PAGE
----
The Endocrine Society have revised their clinical practice guideline on identifying adults at higher risk for heart disease and type 2 diabetes.
doctor talking to senior patient
New guidelines recommend that older adults should undergo regular screening for metabolic risk.

The previous edition of the guideline was in 2008. The recent revision looks at metabolic risk in the light of the latest research on blood pressure and blood fats.

The emphasis is on measures to identify and decrease the risk of developing type 2 diabetes and atherosclerotic cardiovascular disease (ASCVD) rather than on defining metabolic syndrome.

ACSVD is a type of heart or artery disease that develops as a result of atherosclerosis, a condition in which fatty deposits build up inside artery walls and cause them to narrow and impede blood flow. This process can lead to stroke and heart attack.

While the focus is on people aged between 40 and 75 years, the guide also applies to older and younger adults.

A recent paper in the Journal of Clinical Endocrinology & Metabolism details the new document.

The recommendations urge doctors to make regular checks of peoples’ blood pressure, waist size, blood sugar, blood fats, and high density lipoprotein (HDL) cholesterol, which people sometimes call good cholesterol.

They urge doctors to measure waist size as a routine part of clinical exams. People should receive blood pressure checks at least every year, but more frequently if blood pressure is high.

The checks are in addition to the usual ones doctors use for assessing heart disease risk, such as smoking, family history, and low density lipoprotein (LDL) cholesterol, or bad cholesterol.

Metabolic risk factors

The measurements assess five metabolic risk factors that can raise a person’s risk of type 2 diabetes and ASCVD.

Waist size is a measure of abdominal fat, a high amount of which can indicate metabolic risk. Similarly, having low levels of HDL cholesterol, elevated blood sugar, and high levels of triglycerides (blood fats) are also potential indicators of metabolic risk.

“Doctors haven’t been doing enough to measure waist circumference,” says Dr. James L. Rosenzweig of the Hebrew Rehabilitation Hospital in Boston, MA, “but it’s essential to identifying patients at metabolic risk earlier and preventing more cases of heart disease and diabetes.”

Dr. Rosenzweig is chair of the panel that developed and wrote the guidelines.

People who have three or more of the five risk factors are at metabolic risk and therefore have a higher chance of developing type 2 diabetes and ASCVD.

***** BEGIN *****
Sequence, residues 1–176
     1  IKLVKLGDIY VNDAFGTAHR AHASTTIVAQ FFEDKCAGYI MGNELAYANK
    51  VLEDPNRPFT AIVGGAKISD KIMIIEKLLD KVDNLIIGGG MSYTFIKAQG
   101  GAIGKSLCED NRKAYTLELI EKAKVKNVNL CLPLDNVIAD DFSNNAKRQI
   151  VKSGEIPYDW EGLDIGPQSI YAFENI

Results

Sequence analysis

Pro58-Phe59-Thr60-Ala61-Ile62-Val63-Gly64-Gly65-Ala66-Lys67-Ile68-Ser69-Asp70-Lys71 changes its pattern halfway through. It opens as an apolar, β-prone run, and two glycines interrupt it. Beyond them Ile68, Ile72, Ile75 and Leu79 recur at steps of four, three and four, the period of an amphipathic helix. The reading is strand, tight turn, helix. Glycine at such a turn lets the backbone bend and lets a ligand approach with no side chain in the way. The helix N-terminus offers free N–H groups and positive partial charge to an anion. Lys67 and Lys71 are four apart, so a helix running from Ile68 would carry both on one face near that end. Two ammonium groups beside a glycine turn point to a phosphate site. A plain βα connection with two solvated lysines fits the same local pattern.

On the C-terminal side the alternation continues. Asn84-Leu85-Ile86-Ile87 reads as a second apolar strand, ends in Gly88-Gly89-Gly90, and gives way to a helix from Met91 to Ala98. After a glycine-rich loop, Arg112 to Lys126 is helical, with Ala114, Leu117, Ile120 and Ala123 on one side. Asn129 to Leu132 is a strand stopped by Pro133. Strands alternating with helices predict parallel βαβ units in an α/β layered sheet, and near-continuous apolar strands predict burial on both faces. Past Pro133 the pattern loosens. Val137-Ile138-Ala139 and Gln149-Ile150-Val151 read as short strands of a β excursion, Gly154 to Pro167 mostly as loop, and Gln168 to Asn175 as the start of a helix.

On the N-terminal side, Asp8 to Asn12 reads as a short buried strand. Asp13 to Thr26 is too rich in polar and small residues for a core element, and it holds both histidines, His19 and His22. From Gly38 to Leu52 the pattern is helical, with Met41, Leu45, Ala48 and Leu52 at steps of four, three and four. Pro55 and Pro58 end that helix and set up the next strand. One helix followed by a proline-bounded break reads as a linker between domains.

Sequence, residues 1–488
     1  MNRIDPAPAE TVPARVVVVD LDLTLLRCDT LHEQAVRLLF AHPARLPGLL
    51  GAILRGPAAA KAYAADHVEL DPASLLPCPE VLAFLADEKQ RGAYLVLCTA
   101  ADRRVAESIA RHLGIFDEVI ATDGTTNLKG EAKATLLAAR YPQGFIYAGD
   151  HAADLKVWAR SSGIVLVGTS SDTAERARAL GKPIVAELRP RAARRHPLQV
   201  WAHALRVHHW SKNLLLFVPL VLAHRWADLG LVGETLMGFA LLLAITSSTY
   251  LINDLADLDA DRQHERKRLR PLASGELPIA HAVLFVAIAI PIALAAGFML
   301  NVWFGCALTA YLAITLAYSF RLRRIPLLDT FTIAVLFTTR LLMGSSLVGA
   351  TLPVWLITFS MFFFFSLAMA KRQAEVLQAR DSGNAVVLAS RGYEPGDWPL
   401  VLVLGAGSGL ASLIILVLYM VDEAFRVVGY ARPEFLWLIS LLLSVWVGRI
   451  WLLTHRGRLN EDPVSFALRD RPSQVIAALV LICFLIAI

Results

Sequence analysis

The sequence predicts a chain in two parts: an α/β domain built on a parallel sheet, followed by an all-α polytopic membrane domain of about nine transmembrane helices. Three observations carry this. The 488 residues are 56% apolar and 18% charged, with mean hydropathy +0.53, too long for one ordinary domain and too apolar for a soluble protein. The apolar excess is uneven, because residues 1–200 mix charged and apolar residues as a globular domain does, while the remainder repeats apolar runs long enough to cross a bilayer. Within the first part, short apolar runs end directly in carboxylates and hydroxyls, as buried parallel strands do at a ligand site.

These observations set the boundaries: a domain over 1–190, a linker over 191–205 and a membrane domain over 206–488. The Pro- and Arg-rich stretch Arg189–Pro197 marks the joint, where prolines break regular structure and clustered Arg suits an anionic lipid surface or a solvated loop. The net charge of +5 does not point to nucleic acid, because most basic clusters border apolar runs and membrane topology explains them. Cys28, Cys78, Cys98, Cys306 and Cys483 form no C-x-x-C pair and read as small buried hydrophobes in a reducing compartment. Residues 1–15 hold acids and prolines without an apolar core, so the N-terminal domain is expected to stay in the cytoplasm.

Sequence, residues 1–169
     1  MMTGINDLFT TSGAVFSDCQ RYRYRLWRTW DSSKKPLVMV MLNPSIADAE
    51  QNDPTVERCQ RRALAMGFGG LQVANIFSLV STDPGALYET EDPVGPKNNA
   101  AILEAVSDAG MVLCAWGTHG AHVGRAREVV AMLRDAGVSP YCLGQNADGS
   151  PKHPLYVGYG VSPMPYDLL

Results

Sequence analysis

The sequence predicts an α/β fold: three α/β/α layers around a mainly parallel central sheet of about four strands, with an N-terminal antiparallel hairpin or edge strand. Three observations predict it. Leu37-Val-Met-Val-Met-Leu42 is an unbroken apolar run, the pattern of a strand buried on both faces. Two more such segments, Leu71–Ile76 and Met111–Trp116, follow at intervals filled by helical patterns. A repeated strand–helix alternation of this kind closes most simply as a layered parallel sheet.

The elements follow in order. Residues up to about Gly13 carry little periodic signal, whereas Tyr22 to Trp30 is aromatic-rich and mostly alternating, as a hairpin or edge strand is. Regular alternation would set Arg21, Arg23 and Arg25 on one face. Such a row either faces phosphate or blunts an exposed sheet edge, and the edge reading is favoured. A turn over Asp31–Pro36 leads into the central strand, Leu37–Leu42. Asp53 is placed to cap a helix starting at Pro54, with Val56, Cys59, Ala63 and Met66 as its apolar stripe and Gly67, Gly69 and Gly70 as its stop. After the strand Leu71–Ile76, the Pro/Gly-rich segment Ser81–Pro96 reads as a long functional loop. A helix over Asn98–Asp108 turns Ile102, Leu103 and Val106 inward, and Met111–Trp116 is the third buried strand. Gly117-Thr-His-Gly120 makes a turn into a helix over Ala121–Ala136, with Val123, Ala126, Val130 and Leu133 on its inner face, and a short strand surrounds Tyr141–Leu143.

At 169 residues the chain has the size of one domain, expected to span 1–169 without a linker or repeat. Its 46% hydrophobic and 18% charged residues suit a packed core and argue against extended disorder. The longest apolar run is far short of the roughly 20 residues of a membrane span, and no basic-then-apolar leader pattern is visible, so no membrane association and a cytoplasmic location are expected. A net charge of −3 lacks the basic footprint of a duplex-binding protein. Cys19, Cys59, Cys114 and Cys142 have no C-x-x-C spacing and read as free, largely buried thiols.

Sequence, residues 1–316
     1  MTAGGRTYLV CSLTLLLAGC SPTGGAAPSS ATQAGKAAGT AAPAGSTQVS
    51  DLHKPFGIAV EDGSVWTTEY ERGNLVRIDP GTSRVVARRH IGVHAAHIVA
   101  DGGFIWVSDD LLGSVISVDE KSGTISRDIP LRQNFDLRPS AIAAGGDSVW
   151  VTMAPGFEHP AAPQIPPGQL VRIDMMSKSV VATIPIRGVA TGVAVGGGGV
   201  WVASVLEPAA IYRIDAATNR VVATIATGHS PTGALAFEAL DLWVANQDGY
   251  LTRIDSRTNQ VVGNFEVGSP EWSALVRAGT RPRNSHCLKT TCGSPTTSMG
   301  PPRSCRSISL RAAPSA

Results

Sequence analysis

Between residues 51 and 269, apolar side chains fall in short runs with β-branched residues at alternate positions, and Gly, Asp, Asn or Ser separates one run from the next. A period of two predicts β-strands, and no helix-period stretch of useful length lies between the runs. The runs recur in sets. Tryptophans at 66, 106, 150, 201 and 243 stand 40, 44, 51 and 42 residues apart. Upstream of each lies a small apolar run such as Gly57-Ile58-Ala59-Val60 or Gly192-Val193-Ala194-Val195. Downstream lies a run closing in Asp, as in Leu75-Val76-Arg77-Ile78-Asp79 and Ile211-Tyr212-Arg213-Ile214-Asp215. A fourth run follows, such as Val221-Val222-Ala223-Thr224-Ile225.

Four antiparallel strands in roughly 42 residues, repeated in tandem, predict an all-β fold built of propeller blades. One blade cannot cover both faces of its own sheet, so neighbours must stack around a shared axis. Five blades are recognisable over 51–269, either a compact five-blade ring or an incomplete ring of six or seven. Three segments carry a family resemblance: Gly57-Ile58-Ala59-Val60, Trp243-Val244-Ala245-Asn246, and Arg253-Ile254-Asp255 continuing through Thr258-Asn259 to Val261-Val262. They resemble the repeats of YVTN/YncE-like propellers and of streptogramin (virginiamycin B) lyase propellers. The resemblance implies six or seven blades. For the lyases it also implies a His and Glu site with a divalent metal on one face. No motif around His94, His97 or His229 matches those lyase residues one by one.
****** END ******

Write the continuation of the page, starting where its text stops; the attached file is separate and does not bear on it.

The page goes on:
The guideline suggests that doctors screen those with one or two risk factors every 3 years and those with three or more on a more frequent basis.

While the revised document discusses new medical options, it emphasizes that doctors should give priority to changing lifestyle and behavior.

Lifestyle and behavior changes

The guideline gives some specific recommendations on lifestyle and behavior changes.

For example, individuals at metabolic risk who have excess weight – according to body mass index (BMI), waist size, or both – should aim to lose 5% or more of their body weight during their first year of adopting a healthful lifestyle.

Another recommendation is that when treating people with prediabetes, doctors should prescribe lifestyle changes to reduce blood sugar before resorting to drug prescription.

Individuals at metabolic risk should also undergo “global assessment of 10-year risk for either coronary heart disease or atherosclerotic cardiovascular disease” to guide decisions on appropriate medical and drug treatments.

“Global risk assessment includes the use of one of the established cardiovascular risk equations,” note the authors.

The purpose of a global risk assessment of a disease is to guide efforts to prevent it by assessing its major risk factors. The risk factor measurements go into an equation that calculates the risk of experiencing a major disease event in a certain period.

For example, a 10-year global risk assessment for coronary heart disease uses equations that bring together risk factors, such as cholesterol levels and blood pressure, to calculate the percentage risk of experiencing a significant health event in the next 10 years.

A 10% global 10-year risk of coronary heart disease, for instance, means that there is a 1 in 10 chance of having a heart attack or dying in the next 10 years.

Future directions and genetic risk

The guideline document also has a section on knowledge gaps that warrant further research.

One such gap concerns the “identification and analysis of genetic markers for metabolic risk” and how they relate to ASCVD and type 2 diabetes.

In an extensive discussion about this topic, the authors conclude that while genetic markers appear able to predict ASCVD and type 2 diabetes, the risk prediction equations have not yet incorporated them.

They also point out that by changing their lifestyle to a more healthful one, a person can reduce the risk of ASCVD and type 2 diabetes “at any level of genetic risk and may have slightly greater benefits for individuals at higher genetic risk.”

Currently, however, there is no data to back up the hypothesis that when people know their genetic risk, they are likely to change behavior and adopt more healthful lifestyles, add the authors.

We emphasize the importance of lifestyle, dietary, and behavioral changes as the first line treatment. However, treatment with medication is appropriate if goals are not met with lifestyle changes alone.”

Dr. James L. Rosenzweig